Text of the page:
Giving marginalised girls a new Pehchaan
Giving marginalised girls a new Pehchaan....Shabana Ansari
The NGO ANHAD works towards educating and empowering underprivileged girls and young women
Farida Khan was a deserted child bride, with no access to education or a livelihood, when she met social activist Shabnam Hashmi 30 years ago. Hashmi had dropped out of a six-year cultural exchange scholarship in the erstwhile USSR in 1981 and got involved in teaching girls like Farida in a slum near her home.
Today, Farida is the managing trustee of Pehchaan, an adult literacy and vocational training programme for girls in rural areas and urban slums. "I was provided with the means to turn my life around and I am hoping that more and more women can benefit from the gift of education," she says.
Pehchaan is an initiative by Hashmi's Delhi-based non-profit organisation Act Now for Harmony and Democracy (Anhad). It works towards educating and empowering girls and young women in economically backward regions. Anhad is one of the NGOs partnering the Stayfree DNA I Can Women's Half Marathon scheduled for March 11.
"The literacy rate among women of the minority and marginalised communities in states such as Haryana and Bihar is less than 25%. Many girls in the age group of 8-15 are completely illiterate. And most get married off by the time they turn 13," says Hashmi.
The organisation, which works in remote villages and urban areas across the country, has turned its attention especially on the Mewat region in Haryana.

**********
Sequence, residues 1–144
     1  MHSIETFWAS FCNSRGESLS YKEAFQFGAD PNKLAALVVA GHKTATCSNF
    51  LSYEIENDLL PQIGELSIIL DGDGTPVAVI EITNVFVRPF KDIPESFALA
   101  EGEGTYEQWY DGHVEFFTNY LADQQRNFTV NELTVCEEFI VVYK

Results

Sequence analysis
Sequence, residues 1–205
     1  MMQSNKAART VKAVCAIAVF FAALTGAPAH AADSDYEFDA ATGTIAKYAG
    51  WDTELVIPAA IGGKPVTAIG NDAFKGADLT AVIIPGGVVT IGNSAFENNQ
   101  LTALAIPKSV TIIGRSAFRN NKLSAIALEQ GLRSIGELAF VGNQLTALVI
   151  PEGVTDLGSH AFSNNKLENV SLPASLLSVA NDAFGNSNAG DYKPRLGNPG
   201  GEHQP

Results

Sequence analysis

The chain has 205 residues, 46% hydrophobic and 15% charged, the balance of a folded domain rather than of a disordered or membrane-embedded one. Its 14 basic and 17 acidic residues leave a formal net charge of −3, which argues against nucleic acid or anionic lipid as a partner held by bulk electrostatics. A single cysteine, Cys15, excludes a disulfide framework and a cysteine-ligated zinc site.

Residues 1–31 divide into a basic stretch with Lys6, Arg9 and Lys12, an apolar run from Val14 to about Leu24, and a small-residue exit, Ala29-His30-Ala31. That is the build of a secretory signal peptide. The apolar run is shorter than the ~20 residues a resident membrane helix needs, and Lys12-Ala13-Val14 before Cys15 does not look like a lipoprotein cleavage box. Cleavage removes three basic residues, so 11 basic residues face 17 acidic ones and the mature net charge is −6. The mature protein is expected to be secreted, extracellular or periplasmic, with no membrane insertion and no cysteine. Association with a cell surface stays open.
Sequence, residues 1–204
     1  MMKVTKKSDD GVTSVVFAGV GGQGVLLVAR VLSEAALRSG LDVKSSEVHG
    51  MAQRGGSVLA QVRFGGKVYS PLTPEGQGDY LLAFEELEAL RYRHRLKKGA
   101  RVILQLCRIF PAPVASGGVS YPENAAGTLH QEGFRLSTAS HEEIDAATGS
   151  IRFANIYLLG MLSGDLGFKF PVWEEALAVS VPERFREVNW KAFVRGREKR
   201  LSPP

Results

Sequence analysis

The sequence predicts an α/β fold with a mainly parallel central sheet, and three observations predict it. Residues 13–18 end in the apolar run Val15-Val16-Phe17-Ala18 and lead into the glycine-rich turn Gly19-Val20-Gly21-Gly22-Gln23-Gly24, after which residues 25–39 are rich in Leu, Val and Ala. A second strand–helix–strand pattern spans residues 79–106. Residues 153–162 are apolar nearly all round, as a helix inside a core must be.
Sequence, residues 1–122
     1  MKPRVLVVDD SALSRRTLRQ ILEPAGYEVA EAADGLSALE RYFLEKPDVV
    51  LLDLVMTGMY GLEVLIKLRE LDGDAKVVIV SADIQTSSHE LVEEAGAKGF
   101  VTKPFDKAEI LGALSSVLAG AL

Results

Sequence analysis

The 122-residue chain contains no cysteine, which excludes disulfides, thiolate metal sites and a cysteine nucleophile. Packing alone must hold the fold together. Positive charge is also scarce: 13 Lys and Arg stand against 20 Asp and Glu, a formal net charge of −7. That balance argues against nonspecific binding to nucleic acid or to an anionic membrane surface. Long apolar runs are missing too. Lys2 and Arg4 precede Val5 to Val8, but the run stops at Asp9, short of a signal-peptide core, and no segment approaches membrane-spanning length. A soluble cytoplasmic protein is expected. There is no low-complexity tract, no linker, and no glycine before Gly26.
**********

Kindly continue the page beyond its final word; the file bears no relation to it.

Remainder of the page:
"Despite several government schemes that claim to empower the girl child, there are lakhs of women who have been left out and are forced to live a life of ignorance and hardship," she adds.
And to fill this gap, Pehchaan enrolls young women in its two-year adult literacy and vocational training course. In the first year, the emphasis in on learning to read and write, while the students can appear privately for their Std X exams in the second year. During the course, students are also given vocational training in sewing or basic computer knowledge.
"These projects have changed lives and equipped women with the tools to stand on their own feet," says Farhat Khan, another beneficiary who now teaches at one of the Pehchaan centres.
"Stayfree® believes in the causes that DNA iCan Marathon is supporting and thus it is pleased to be associating with the initiative. Stayfree believes that by increasing awareness about these causes and supporting them, we are enabling a positive change in the lives of women and the society at large," said Tushar Murdershwar, VP, marketing, Johnson & Johnson Ltd.
The initiative also has the support of Planning Commission member Syeda Hamid and actresses Sharmila Tagore and Saba Azad.
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